3 Article A Novel Multivariate Index for Pancreatic Cancer Detection Based On the Plasma Free Amino Acid Profile. 2015

Fukutake, Nobuyasu / Ueno, Makoto / Hiraoka, Nobuyoshi / Shimada, Kazuaki / Shiraishi, Koichi / Saruki, Nobuhiro / Ito, Toshifumi / Yamakado, Minoru / Ono, Nobukazu / Imaizumi, Akira / Kikuchi, Shinya / Yamamoto, Hiroshi / Katayama, Kazuhiro. ·Department of Hepatobiliary and Pancreatic Oncology, Osaka Medical Center of Cancer and Cardiovascular Diseases, Osaka, Japan. · Division of Hepatobiliary and Pancreatic Medical Oncology, Kanagawa Cancer Center, Kanagawa, Japan. · Division of Pathology and Clinical Laboratories, National Cancer Center Hospital, Tokyo, Japan. · Hepatobiliary and Pancreatic Surgery Division, National Cancer Center Hospital, Tokyo, Japan. · Division of Gastroenterology, Department of Internal Medicine, Tokai University Oiso Hospital, Kanagawa, Japan. · Department of Anesthesia, Gunma Prefectural Cancer Center, Gunma, Japan. · Department of Gastroenterology and Hepatology, Japan Community Healthcare Organization (JCHO), Osaka Hospital, Osaka, Japan. · Center for Multiphasic Health Testing and Services, Mitsui Memorial Hospital, Tokyo, Japan. · Institute for Innovation, Ajinomoto Co., Inc., Kanagawa, Japan. ·PLoS One · Pubmed #26133769.

ABSTRACT: BACKGROUND: The incidence of pancreatic cancer (PC) continues to increase in the world, while most patients are diagnosed with advanced stages and survive <12 months. This poor prognosis is attributable to difficulty of early detection. Here we developed and evaluated a multivariate index composed of plasma free amino acids (PFAAs) for early detection of PC. METHODS: We conducted a cross-sectional study in multi-institutions in Japan. Fasting plasma samples from PC patients (n = 360), chronic pancreatitis (CP) patients (n = 28), and healthy control (HC) subjects (n = 8372) without apparent cancers who were undergoing comprehensive medical examinations were collected. Concentrations of 19 PFAAs were measured by liquid chromatography-mass spectrometry. We generated an index consisting of the following six PFAAs: serine, asparagine, isoleucine, alanine, histidine, and tryptophan as variables for discrimination in a training set (120 PC and matching 600 HC) and evaluation in a validation set (240 PC, 28 CP, and 7772 HC). RESULTS: Several amino acid concentrations in plasma were significantly altered in PC. Plasma tryptophan and histidine concentrations in PC were particularly low, while serine was particularly higher than that of HC. The area under curve (AUC) based on receiver operating characteristic (ROC) curve analysis of the resulting index to discriminate PC from HC were 0.89 [95% confidence interval (CI), 0.86-0.93] in the training set. In the validation set, AUCs based on ROC curve analysis of the PFAA index were 0.86 (95% CI, 0.84-0.89) for all PC patients versus HC subjects, 0.81 (95% CI, 0.75-0.86) for PC patients from stage IIA to IIB versus HC subjects, and 0.87 (95% CI, 0.80-0.93) for all PC patients versus CP patients. CONCLUSIONS: These findings suggest that the PFAA profile of PC was significantly different from that of HC. The PFAA index is a promising biomarker for screening and diagnosis of PC.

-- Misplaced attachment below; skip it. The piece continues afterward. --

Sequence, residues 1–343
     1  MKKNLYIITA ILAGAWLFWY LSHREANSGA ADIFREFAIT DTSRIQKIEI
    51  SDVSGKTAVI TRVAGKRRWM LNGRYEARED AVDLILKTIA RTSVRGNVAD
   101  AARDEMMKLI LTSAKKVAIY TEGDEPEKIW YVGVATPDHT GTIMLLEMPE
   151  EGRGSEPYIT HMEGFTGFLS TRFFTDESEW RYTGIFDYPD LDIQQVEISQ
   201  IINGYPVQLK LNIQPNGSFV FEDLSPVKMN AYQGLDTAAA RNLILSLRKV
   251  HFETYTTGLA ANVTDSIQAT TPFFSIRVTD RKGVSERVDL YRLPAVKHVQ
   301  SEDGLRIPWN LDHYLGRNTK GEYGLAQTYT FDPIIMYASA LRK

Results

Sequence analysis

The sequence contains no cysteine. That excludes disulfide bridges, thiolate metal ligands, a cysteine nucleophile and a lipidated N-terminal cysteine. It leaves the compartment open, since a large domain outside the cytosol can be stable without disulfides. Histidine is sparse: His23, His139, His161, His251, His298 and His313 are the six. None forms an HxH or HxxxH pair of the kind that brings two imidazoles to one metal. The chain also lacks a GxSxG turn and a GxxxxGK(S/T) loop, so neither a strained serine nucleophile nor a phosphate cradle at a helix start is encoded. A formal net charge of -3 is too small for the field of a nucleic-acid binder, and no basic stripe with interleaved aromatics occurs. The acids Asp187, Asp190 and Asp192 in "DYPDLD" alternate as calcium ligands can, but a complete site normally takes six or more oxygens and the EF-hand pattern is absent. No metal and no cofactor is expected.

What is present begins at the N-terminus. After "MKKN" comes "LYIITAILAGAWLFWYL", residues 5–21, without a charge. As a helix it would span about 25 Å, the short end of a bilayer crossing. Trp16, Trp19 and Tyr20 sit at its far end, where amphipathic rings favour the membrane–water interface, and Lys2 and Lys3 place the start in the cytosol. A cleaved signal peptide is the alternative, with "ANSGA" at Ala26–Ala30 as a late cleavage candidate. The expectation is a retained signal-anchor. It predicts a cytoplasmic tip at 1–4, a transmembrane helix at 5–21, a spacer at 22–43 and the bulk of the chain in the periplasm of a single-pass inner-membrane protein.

4 Article c-Jun N-terminal kinase inhibitor SP600125 enhances barrier function and elongation of human pancreatic cancer cell line HPAC in a Ca-switch model. 2015

Konno, Takumi / Ninomiya, Takafumi / Kohno, Takayuki / Kikuchi, Shin / Sawada, Norimasa / Kojima, Takashi. ·Department of Cell Science, Research Institute for Frontier Medicine, Sapporo Medical University School of Medicine, S1. W17., Sapporo, 060-8556, Japan. ·Histochem Cell Biol · Pubmed #25511417.

ABSTRACT: c-Jun N-terminal kinase (JNK), known as a stress-activated protein kinase, regulates normal epithelial biological processes, including assembly of adherens and tight junctions, and it is involved in the development of several cancers. The JNK inhibitor SP600125 enhances epithelial barrier function through modulation of tight junction molecules in normal human pancreatic epithelial cells. Furthermore, this JNK inhibitor suppresses the growth of human pancreatic cancer cells. However, the effects of SP600125 on the epithelial barrier in human pancreatic cancer cells remain unknown. In the present study, the JNK inhibitor SP600125 markedly enhanced the barrier function and cell elongation of well-differentiated human pancreatic cancer cell line HPAC in a Ca-switch model. The epithelial barrier function induced by SP600125 was regulated by phosphorylated β-catenin without changes in the tight junction molecules. The cell elongation induced by SP600125 was closely related to the expression of the F-actin-binding protein DrebrinE. These findings suggest that JNK is involved in the regulation of the epithelial barrier function and cell shape during remodeling of pancreatic cancer cells. The JNK inhibitor SP600125 may have potential as a therapeutic drug for pancreatic cancer via induction of differentiation.